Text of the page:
Dori Klaaren Medical Relief and Memorial Fund
UPDATE- Dori passed on New Year's Day...24 days short of our 50th year as a couple. The funds to restore her hands will be used to help the family with final costs and a memorial celebration of her life. This will take place in early March, specifics to be set. Thanks to all who donated so graciously. I didn't know she was so appreciated by anyone but me...
how could I have been so wrong.
So many of us around the world know and love Terry and Dori Klaaren. Terry and Dori are successful Tampa Bay area artists who need our help after a horrific medical emergency. Terry's murals are well known around the Bay area with his trademark KLAAREN signature and he is likely most recognized for his sculpture, Recyclosaurus, which can be seen from Fowler Avenue at The Museum of Science and Industry. Terry and Dori have also participated in countless fundraising initiatives for charity but now it's time for us to help Terry and Dori.
WE NEED YOUR HELP
Terry's world came crashing down just before Christmas when Dori went into the hospital for routine surgery in Tampa. Due to complications from surgery, Dori developed sepsis which has led to several other medical issues and surgeries. One devastating issue includes Dori losing the use of both hands. Taking away Dori's most sacred artistic instrument is unthinkable to us all. While not yet confirmed, amputation of both hands is a possibility at this point.
HOW YOUR DONATION WILL SUPPORT DORI
This campaign has been organized by friends to help fund Dori's mounting medical expenses and to aid in her recovery. Funds will also be used to purchase any equipment that may be needed due to help Dori cope better at home. Terry will also be Dori's full-time caregiver. While we all know that Terry will get out there and work hard to provide everything that Dori needs, there will be numerous expenses incurred during this time when Terry may not be able to work as frequently as he would like. Please consider donating to support Terry and Dori Klaaren during this difficult time.
THIS TRAGEDY COULD HAVE HAPPENED TO ANYONE OF US. PLEASE DONATE TODAY AND HELP SUPPORT DORI KLAAREN.
Scroll below to read a message from Terry Klaaren ...
ABOUT THE CAMPAIGN ORGANIZERS:
This campaign was created by the McDonald family. Terry and Dori have been friends with our father, Blake McDonald, since my dad was stationed in Germany during Vietnam and Terry and Dori were a couple of fun-loving hippies backpacking around Europe (they still are fun-loving hippies)! They kept in touch with our dad and have been such amazing friends to our family over the years. We love Terry and Dori so much and would do anything to help Dori recover from this terrible situation. Their love story is one for the movies and we simply cannot imagine one without the other. Thank you all for your support and considering a donation to this fund.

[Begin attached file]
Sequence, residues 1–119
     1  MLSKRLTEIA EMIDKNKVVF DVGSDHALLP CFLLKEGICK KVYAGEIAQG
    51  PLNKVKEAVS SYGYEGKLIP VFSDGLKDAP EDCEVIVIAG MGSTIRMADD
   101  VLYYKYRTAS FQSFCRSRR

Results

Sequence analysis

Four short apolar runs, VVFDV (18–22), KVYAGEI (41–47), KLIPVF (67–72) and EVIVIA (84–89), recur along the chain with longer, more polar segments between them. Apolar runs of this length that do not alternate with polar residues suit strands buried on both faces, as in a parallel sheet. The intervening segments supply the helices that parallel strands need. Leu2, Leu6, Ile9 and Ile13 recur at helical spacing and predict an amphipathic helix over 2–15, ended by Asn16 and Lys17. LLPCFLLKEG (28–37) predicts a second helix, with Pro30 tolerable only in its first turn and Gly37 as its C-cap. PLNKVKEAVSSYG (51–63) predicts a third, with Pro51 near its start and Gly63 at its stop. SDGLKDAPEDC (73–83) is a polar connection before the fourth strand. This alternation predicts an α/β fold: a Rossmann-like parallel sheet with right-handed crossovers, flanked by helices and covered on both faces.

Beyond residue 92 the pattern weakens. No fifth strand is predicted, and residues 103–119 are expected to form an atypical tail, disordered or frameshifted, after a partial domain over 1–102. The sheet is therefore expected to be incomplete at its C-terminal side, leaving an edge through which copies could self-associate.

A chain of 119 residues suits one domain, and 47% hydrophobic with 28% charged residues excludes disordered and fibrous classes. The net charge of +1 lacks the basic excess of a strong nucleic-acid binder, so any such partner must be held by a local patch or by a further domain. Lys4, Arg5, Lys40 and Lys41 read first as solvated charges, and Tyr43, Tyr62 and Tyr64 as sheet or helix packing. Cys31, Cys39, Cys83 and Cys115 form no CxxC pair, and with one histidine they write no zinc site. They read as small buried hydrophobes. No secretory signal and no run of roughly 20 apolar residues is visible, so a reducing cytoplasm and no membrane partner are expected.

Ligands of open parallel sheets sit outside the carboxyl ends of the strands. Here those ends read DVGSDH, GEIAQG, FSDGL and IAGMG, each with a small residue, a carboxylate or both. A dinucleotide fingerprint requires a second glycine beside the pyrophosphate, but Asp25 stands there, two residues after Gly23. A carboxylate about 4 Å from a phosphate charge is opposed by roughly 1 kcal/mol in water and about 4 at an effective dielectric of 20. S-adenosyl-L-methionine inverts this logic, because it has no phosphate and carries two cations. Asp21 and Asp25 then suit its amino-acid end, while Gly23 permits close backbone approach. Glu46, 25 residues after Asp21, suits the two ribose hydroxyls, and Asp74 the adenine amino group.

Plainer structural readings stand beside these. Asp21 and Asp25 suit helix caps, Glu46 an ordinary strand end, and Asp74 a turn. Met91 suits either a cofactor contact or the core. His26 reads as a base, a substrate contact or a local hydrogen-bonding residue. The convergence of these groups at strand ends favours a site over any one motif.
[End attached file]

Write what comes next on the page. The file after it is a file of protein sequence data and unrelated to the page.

Dori Klaaren (left); Terry Klaaren (right)
A MESSAGE FROM DORI'S HUSBAND, TERRY KLAAREN
The love of my life and partner for fifty years has been taken down. She suffered complications from routine surgery and now faces life without the use of her hands. We met as art students in high school and have been a team ever since. 1972 took us to greener pastures in Florida from Buffalo, and success there allowed us to spend our first year of marriage biking around Europe. We returned to Tampa in 1975 and started our art business. Dori was a calligrapher, sign painter, and manager of our business. I was a happy painter trying to find my path.
In the late 80's I worked in Orlando for four years at prop shops doing work for the theme parks... large scale painting and sculpting. Dori carried on at home, raising our son and working for ad agencies. As the 90's hit so did computerized signs, calligraphy and CAD programs in ad agencies... her work dried up.
Our plan was for me to work in Tampa as a muralist... she would manage and promote me. We had great success and were able to pay off our house and put away for retirement for the first time. My murals were in homes and businesses at first, then in over 100 schools in Hillsborough county and abroad. Our business enabled us to travel, doing murals and commissions on the road.
Dori's talent for planning put us on the road for months, all over the USA and much of Europe. We'd work side-by-side at any given point of interest, watched by other tourists from the Grand Canyon to Monmartre. We made more friends and acquaintances this way. I'd paint a canvas and she would use her pointillist style with pens.
Over the next twenty years we visited a plethora of National parks and monuments, Europe, Canada and points between, making art and friends along the way. We roughed it when we could. Camping was a major part of our paint journeys, as was hiking.
We always kept journals of our trips and with photos, drawings and paintings planned to somehow tell our story someday. We'd write books, articles, lecture. Dori needs only to be with me for us to accomplish this. Even without hands she can do this with me, but I worry about her spirit being able to overcome her plight.
She is strong, and independent, just like her mother, but this is rough and I'm determined to be at her side and see her back to happiness. She has taken an artistic goofball with no plan in life and given me a chance to flourish and do things I'd never dared dream of. I owe her everything. The pouring in of love for her from all over the world has kept me sane. I cannot thank you all enough for your concern.